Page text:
Spotlight, the Mac’s built-in search utility, is pretty great. It can find documents, folders, or applications by file name, and you can even use it to search for words that appear within your files, too. If Spotlight stops working, though—i.e., if your searches aren’t turning up the results you’d expect—there’s thankfully a way to rebuild the Spotlight index to get it back up and running again. Which is awesome, because I personally couldn’t live without it! Not sure I’d ever find anything on my Mac again.
So how does Spotlight work, anyway? There are a few different ways to access a Spotlight search on your Mac. First, you can click its magnifying glass icon, which lives at the top-right corner of your Mac’s screen by default.
Another method, and the one I prefer to use, is the Spotlight keyboard shortcut, which is Command-Spacebar by default. Regardless of whether you clicked the magnifying glass or pressed that shortcut, you’ll see a text input bar appear in the middle of your screen. Here, you can type your search word or phrase.
As soon as you start typing, the text box will expand to show you results in near real-time. The time it takes for results to appear will vary depending on the number of files you have on your Mac, the speed of your Mac’s hard drive or SSD, and the type of file system your drive is formatted as (the Apple File System, introduced to the public in macOS High Sierra, allows for near-instant search results).
In the example screenshot above, I’ve searched for the Terminal app, but as I mentioned, you can look for pretty much anything on your Mac. Spotlight will even do some other neat stuff, too, like quick calculations.
Spotlight’s really handy for a whole bunch of stuff, so…you know…it’s kind of a bummer when it stops working. What should you do if that’s the case? Well, to re-index your own Spotlight database, start by clicking on the Apple Menu at the upper-left corner of your screen and choosing “System Preferences.”
When that window opens, click on “Spotlight” (unsurprisingly).
Under the Spotlight preferences, choose the “Privacy” tab, and then click the plus button at the bottom-left corner.
Next, you’ll have to find your Mac’s startup disk, which is probably called “Macintosh HD.” An easy way to do this is to click the drop-down at the top of the following window…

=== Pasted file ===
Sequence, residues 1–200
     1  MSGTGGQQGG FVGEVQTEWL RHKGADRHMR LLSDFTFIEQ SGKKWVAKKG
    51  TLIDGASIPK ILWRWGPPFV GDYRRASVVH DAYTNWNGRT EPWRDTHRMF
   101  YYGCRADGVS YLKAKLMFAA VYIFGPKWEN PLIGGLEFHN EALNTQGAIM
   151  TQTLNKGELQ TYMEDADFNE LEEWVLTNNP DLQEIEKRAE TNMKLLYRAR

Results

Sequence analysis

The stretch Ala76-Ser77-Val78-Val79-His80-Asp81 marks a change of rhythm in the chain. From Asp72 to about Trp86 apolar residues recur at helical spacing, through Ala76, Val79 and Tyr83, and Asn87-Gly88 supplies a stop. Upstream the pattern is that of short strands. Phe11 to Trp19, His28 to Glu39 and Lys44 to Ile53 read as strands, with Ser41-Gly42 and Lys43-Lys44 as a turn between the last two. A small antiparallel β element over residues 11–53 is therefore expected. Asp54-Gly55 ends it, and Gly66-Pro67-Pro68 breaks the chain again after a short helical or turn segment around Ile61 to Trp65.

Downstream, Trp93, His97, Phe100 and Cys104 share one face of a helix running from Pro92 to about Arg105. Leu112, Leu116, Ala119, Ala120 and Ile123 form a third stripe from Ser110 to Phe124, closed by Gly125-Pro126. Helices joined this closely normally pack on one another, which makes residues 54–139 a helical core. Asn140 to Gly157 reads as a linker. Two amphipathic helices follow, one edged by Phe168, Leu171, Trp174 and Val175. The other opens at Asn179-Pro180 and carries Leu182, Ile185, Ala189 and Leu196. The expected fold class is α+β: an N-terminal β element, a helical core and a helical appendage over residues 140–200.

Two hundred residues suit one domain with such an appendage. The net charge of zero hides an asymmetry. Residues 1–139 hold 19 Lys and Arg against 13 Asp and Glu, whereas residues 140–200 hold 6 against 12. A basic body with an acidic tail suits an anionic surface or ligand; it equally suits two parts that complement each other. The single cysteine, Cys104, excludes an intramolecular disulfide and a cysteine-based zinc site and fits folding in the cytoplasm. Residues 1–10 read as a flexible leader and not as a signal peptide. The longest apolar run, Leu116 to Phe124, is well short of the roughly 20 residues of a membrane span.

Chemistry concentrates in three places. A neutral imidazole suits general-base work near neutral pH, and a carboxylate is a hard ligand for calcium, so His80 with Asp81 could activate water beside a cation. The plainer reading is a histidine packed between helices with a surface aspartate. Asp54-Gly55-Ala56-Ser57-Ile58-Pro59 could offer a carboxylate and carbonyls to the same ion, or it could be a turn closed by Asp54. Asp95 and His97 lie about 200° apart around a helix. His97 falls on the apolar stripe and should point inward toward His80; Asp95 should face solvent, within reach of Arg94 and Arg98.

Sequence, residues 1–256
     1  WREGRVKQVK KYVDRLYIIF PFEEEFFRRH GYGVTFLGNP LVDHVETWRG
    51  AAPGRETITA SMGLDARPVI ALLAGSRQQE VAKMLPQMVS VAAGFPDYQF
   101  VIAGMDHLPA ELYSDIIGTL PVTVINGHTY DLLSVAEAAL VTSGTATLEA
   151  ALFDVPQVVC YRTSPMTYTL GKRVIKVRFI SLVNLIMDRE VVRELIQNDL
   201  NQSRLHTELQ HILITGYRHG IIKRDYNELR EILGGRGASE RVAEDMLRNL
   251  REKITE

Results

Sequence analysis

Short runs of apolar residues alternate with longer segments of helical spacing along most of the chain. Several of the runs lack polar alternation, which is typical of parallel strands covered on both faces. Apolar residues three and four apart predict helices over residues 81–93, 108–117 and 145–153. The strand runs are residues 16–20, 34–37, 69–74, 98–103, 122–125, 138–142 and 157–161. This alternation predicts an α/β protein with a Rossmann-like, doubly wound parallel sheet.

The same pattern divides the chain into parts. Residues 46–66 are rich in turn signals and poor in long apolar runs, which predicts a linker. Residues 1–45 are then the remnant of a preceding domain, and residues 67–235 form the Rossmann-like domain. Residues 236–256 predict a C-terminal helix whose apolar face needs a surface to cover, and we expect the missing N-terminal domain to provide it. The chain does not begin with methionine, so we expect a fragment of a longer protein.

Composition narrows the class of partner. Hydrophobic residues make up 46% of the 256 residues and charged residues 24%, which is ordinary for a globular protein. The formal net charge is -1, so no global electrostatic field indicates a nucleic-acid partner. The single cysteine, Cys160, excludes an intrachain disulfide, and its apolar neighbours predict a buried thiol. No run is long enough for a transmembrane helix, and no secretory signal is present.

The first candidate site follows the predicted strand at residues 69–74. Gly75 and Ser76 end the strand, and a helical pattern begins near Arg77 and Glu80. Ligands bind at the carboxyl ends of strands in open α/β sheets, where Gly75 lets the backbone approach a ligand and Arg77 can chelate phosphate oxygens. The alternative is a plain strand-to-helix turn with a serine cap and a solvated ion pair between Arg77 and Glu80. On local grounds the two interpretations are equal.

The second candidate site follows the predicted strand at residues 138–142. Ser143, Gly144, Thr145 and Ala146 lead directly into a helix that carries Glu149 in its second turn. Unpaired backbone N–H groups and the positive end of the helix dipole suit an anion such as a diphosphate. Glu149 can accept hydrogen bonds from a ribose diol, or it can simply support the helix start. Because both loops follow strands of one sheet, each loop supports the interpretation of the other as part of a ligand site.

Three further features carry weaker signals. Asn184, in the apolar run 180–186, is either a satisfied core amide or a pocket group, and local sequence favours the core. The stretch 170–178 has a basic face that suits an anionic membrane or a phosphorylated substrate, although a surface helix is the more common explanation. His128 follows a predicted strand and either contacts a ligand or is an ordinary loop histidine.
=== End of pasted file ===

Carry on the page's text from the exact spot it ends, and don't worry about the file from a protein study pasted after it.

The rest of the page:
…and then choose your disk from that drop-down.
As I noted, it will likely be called “Macintosh HD,” but if yours isn’t, you can tell you’ve got the right item by the icon; it will look like a silver drive. (And if you don’t see it in that drop-down at all, try clicking “Applications” or your home folder from the sidebar on the left and then looking back under the drop-down.)
When you’re done with this selecting-your-disk part, click on the “Choose” button. Your Mac will give you a big scary warning to agree to.
You’ll click “OK,” but don’t worry—we’re going to turn Spotlight right back on when we’re finished with this! After you confirm that you know what you’re doing, you’ll see your drive appear under that Spotlight “Privacy” tab.
Now I know we just put the drive in there, but we’re gonna take it back out, which will force Spotlight to re-index the whole disk. Nice! To do that, just click on it in your “Privacy” list to highlight it, then click the minus button at the bottom.
And you’re done! You’ll be able to tell that Spotlight is doing its reindexing job if you click on its magnifying glass icon and start doing a search. When you type something in, a small progress bar will appear to let you know that the indexing isn’t done.
One final note: the Spotlight reindexing process can consume a lot of your Mac’s resources, so expect performance to take a hit while the indexing is going on. It could take a few hours to complete, too, so don’t get this started right before you absolutely need your computer to be the fastest it can be or anything. But when everything’s done, you should be able to go back and find whatever you need to within Spotlight’s magical window. Happy searching!
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